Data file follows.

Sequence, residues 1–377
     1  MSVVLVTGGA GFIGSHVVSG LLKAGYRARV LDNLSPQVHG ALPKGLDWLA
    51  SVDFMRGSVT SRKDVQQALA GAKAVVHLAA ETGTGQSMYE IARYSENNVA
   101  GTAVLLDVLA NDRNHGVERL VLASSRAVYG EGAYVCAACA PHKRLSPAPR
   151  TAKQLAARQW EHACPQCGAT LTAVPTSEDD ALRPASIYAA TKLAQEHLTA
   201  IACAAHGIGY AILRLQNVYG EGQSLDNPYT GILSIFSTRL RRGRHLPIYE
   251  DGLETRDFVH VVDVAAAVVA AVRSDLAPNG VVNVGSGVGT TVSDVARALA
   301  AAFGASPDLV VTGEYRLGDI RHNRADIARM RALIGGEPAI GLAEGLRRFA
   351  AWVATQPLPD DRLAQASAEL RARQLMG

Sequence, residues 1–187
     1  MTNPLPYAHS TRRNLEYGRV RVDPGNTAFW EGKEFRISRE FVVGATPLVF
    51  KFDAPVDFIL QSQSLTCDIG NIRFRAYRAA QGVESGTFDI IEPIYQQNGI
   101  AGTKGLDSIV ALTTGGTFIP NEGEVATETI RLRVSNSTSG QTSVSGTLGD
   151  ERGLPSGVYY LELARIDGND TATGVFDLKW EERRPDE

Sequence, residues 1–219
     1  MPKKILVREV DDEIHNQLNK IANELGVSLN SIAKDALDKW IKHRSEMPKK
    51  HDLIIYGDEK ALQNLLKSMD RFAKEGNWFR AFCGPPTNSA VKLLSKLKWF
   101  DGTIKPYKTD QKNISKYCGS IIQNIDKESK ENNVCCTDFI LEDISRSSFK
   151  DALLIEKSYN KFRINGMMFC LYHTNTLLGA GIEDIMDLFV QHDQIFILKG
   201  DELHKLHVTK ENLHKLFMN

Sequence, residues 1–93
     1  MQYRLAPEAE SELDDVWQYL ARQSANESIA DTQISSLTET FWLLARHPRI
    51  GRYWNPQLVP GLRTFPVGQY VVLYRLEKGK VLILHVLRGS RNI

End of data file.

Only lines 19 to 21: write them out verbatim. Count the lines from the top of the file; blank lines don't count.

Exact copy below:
   151  DALLIEKSYN KFRINGMMFC LYHTNTLLGA GIEDIMDLFV QHDQIFILKG
   201  DELHKLHVTK ENLHKLFMN

Sequence, residues 1–93